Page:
The family of an Ontario Provincial Police (OPP) officer who died by suicide five years ago is seeing their work pay off after launching a fellowship in his honour.

Paul Horne from Oshawa was suffering from post-traumatic stress disorder when he died at the age of 50.

“He was a top-notch human being. He had a very deep sense of caring,” Paul Horne’s brother, Rob Horne said. “My brother was really all about helping people and putting them on a better path in life.”

Horne was known to help others, so his family wanted to do the same thing.

rob horne

As part of the family’s healing, they launched a fellowship in his name in 2021, partnering with Homewood Research Institute (HRI), based in Guelph. The institute helps first responders and frontline workers living with trauma.

“There is real tangible research and understanding of post-traumatic stress that's happening and it's happening here but it needs to have the resources to access the best and brightest minds as our fellowship is trying to do,” Horne said.

Their work has reached a new milestone, with donations totaling over $40,000. This meant they were able to hire their first fellow to propel their research even further.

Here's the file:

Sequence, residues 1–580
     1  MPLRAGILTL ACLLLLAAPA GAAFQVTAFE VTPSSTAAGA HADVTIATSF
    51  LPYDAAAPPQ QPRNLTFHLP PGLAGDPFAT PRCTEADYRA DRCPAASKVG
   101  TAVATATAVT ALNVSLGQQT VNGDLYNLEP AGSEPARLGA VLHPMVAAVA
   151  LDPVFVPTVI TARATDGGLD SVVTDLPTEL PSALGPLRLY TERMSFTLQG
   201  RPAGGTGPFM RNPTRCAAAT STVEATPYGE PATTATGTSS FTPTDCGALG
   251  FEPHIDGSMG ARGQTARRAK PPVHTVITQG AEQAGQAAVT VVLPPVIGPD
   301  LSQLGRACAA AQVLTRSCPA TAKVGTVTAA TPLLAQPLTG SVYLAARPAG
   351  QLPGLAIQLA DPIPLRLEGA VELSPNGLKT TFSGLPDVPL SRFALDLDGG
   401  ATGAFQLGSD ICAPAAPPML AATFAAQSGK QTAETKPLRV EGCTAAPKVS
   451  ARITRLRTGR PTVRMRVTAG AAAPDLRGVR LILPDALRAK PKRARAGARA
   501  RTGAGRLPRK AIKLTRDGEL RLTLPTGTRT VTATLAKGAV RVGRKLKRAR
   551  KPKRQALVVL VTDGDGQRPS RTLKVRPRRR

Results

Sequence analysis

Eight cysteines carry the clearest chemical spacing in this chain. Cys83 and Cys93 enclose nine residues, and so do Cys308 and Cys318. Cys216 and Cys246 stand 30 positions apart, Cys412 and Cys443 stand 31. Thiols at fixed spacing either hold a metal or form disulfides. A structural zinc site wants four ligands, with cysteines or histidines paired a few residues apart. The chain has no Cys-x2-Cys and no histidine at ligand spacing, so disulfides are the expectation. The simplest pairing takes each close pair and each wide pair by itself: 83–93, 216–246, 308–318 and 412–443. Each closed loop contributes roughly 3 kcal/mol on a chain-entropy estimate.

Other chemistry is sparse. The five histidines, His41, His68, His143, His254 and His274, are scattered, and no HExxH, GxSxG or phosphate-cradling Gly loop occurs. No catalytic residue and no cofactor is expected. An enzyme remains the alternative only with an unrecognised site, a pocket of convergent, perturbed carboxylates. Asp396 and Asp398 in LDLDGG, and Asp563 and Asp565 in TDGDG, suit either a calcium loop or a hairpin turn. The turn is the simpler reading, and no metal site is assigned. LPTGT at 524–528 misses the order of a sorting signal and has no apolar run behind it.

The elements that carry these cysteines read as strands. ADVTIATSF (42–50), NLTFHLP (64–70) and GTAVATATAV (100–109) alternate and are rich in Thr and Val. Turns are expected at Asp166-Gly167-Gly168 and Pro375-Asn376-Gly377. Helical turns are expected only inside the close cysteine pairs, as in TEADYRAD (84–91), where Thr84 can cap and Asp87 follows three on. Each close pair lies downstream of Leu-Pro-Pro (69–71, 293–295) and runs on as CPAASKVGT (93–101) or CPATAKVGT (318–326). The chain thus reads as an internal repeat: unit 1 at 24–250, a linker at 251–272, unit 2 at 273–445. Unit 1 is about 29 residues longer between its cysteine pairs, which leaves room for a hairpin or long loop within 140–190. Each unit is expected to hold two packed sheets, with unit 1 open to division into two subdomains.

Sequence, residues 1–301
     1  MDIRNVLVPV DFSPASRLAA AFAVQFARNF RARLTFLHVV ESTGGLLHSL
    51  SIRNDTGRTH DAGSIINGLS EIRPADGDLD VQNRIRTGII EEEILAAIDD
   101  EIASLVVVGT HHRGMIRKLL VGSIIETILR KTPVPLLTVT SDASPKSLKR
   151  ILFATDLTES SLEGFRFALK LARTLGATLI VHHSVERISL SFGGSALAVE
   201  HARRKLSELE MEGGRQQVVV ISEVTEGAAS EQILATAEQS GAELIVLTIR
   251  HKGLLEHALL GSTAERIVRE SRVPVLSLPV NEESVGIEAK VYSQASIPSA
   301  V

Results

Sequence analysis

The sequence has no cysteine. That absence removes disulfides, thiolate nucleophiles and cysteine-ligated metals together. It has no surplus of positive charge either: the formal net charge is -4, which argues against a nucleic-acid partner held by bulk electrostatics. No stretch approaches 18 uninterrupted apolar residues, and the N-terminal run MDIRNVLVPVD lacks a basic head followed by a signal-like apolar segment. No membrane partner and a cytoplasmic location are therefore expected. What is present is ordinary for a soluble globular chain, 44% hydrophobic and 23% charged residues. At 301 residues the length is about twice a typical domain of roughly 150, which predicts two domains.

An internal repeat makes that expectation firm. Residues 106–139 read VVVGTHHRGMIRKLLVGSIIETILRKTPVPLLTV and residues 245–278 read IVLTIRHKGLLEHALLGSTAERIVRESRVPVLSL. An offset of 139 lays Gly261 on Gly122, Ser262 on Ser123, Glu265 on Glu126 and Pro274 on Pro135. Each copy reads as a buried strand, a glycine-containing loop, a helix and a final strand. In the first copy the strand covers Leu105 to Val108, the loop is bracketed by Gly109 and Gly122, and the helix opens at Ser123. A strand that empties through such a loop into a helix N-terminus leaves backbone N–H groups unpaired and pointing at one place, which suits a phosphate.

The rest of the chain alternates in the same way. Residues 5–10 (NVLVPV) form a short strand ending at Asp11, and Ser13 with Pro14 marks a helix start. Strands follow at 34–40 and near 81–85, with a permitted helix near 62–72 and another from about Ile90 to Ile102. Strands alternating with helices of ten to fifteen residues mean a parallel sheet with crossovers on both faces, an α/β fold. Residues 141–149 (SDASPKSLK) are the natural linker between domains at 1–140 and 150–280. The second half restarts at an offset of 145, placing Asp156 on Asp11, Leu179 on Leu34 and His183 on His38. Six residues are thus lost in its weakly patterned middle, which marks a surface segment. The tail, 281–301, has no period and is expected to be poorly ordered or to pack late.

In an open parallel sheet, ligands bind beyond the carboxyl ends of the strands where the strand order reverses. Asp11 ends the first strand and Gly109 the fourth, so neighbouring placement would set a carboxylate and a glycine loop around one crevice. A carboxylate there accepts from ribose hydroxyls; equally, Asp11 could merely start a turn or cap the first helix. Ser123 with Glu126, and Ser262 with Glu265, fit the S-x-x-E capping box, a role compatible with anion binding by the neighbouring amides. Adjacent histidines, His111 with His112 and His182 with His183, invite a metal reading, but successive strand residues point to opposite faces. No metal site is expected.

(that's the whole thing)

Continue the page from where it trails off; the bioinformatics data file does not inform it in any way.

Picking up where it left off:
“We’ve been developing new treatments for first responders, public safety personnel, military members, veterans and health care workers to really assist those individuals when they do face challenges,” said Margaret McKinnon, a research chair in mental health and trauma at HRI.

McKinnon said they’re looking at aspects of post-traumatic stress injuries that are often not the focus of current treatments. She believes this research could change lives.

“We don’t often look at things like guilt, shame, disassociation – which is not being present in your body or the world around you – difficulty with memory, attention, concentration that can interfere with the ability to work and difficulty regulating emotions,” said McKinnon.

The first research fellow, chosen by McKinnon, was Andrea D’Alessandro-Lowe, a McMaster PhD student.

“We collect this data with a purpose of understanding the needs among public safety personnel and health care workers and [to] give back to those who protect and serve our communities every day,” said D’Allesandro-Lowe.

Their next goal is to hire more researchers.

Horne’s goal is to turn his family’s tragedy into a story of hope and change.

“I would just encourage you to seek those supports and know that there are really talented and committed people doing work to make tragedies like ours a thing of our past,” said Horne.

If you or someone you know is struggling with suicidal thoughts or mental health issues, please call Talk Suicide Canada at 1-833-456-4566. The following resources are also available to support people in crisis:

Hope for Wellness Helpline (English, French, Cree, Ojibway and Inuktitut): 1-855-242-3310

Embrace Life Council hotline: 1-800-265-3333

Trans Lifeline: 1-877-330-6366